I'd hoped to be able to convert (without edits) the RAW images into TIFF (or some other lossless RGB container that I can read programmatically), do the blending to produce a single TIFF, and then bring that back into ACR.

                                   

                                  Whilst it's more convoluted, I suppose it might be possible to generate the unedited TIFF files purely for the purposes for getting data about the images, then using that to create a set of masks. Then, as Jeff suggests, perform adjustments to the RAW files in ACR, and use the masks to blend the imported (and now corrected) RAWs into one image. Not ideal, but perhaps worthy of more experimentation.

                                  • 15. Re: Difference in TIFF and RAW import with ACR (how to fix)?
                                    Noel Carboni Level 8

                                    spl00 wrote:

                                     


                                    I'd hoped to be able to convert (without edits) the RAW images into TIFF (or some other lossless RGB container that I can read programmatically), do the blending to produce a single TIFF, and then bring that back into ACR.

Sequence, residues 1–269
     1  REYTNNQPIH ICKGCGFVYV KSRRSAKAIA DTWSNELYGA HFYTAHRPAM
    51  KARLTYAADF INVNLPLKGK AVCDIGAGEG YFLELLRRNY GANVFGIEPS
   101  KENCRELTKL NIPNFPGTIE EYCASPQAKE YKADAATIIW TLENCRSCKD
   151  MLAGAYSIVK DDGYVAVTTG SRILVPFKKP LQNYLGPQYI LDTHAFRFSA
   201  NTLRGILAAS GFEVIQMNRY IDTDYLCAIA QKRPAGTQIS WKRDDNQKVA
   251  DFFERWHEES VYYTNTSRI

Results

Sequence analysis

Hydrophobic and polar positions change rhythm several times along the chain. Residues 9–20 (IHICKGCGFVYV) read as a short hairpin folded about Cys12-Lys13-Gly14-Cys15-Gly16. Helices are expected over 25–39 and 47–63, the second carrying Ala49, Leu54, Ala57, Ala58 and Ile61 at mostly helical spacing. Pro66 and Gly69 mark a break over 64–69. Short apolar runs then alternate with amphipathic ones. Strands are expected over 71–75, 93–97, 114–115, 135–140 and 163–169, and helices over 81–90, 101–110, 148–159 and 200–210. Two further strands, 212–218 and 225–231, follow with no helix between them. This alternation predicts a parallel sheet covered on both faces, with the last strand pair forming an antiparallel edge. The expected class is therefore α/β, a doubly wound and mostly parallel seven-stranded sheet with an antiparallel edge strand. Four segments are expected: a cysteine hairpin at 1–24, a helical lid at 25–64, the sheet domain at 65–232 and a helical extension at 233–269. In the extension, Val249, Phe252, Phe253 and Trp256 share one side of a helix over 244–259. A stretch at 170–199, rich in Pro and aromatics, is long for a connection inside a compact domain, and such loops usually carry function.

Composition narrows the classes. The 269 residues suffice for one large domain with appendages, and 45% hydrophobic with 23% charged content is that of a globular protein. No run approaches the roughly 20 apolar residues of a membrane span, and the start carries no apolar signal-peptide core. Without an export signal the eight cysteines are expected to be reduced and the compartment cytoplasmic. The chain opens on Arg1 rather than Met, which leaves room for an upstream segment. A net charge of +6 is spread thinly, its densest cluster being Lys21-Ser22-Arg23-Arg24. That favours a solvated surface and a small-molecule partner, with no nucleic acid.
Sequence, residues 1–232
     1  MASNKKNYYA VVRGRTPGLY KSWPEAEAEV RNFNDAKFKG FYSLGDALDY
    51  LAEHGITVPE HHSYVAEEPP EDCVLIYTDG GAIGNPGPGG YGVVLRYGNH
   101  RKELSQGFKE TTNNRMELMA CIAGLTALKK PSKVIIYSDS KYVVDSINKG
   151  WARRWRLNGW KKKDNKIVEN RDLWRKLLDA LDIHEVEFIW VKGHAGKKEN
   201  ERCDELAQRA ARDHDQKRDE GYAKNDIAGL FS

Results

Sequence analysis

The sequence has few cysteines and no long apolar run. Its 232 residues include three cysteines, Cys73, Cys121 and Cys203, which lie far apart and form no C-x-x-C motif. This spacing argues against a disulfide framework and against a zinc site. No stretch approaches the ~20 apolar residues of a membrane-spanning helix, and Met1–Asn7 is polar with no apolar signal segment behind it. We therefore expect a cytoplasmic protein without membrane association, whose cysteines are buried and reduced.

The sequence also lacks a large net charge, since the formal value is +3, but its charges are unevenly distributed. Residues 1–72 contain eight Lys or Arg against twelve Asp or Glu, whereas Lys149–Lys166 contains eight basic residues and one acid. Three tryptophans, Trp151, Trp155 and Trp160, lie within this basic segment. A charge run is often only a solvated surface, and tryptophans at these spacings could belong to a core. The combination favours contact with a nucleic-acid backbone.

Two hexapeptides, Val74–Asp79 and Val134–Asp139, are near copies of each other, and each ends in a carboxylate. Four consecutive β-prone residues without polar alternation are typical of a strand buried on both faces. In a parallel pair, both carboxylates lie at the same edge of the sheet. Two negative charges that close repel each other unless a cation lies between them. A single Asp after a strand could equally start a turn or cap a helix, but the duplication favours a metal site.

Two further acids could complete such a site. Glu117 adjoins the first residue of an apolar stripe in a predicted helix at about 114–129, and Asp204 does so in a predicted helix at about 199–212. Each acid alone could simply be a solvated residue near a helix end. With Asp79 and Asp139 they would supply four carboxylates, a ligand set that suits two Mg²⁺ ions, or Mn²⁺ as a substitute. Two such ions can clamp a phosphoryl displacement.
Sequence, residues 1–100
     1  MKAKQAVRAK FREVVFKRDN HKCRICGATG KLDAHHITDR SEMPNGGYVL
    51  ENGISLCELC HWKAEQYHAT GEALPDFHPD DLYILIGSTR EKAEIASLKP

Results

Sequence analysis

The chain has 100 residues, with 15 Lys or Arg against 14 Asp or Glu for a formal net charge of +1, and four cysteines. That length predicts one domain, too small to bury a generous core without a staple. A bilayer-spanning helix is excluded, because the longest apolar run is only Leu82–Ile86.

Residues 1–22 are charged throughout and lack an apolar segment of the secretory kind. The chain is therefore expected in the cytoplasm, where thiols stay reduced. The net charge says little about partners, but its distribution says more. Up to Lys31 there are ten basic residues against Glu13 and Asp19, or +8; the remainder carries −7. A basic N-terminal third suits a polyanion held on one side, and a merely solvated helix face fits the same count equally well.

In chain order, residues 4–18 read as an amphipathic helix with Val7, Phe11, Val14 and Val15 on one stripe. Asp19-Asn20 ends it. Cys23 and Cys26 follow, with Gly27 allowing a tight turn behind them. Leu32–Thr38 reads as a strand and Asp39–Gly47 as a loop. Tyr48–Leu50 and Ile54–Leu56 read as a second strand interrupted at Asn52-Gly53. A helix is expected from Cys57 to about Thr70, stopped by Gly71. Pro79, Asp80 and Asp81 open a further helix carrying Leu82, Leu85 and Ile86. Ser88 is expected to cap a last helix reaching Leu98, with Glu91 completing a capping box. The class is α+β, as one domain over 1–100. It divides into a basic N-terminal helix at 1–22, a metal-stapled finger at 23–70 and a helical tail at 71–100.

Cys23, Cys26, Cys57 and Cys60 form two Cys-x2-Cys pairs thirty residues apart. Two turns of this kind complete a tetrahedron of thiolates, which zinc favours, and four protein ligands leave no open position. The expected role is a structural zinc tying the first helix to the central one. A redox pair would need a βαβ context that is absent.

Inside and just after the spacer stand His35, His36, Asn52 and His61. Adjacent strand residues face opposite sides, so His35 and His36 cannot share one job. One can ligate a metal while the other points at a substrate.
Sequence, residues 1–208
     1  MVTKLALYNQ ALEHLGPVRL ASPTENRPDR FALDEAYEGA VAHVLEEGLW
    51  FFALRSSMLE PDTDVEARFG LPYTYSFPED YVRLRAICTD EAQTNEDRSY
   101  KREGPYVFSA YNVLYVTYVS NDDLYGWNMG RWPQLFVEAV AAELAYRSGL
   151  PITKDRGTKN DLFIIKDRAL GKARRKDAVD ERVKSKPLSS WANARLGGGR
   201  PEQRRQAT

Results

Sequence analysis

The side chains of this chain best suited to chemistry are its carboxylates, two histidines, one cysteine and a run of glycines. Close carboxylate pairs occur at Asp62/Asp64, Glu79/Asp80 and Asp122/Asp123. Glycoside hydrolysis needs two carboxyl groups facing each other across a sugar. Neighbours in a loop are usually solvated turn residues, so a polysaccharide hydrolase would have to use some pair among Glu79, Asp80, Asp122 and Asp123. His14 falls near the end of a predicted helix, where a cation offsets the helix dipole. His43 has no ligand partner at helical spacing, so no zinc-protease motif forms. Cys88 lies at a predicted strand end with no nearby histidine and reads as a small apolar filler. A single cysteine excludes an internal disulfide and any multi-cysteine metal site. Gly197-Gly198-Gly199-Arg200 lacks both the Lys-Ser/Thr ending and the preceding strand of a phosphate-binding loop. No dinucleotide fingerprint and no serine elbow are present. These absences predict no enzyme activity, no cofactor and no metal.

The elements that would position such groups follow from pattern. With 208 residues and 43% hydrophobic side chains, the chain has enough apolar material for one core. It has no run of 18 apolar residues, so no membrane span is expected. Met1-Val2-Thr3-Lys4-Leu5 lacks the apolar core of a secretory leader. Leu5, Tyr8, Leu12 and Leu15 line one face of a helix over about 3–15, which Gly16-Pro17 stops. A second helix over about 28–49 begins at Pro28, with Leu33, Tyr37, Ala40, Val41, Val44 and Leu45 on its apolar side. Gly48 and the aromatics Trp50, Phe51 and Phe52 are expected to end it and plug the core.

I think the misconception here may be that Camera Raw can be employed as a cog in the machine, when it's more like a complete machine in itself.  It's moved well beyond making some kind of simply defined rendition of the raw file - in other words it's far beyond a "debayering" tool.  It's an end user tool.

                                     

                                    -Noel

                                    • 16. Re: Difference in TIFF and RAW import with ACR (how to fix)?
                                      spl00 Level 1

                                      Hi Noel,

                                       

                                      Yes, you may well be right. It might be worth a mail to the ACR forum when I can get the time to write something a bit more descriptive of what I'm trying to inject. Probably only the guys that actually work on the ACR code would be able to answer the questions, but I don't know if any of those guys lurk there.

                                      • 17. Re: Difference in TIFF and RAW import with ACR (how to fix)?
                                        Noel Carboni Level 8

                                        FYI, Jeff Schewe is an insider, though not an engineer who works on the product directly I don't think.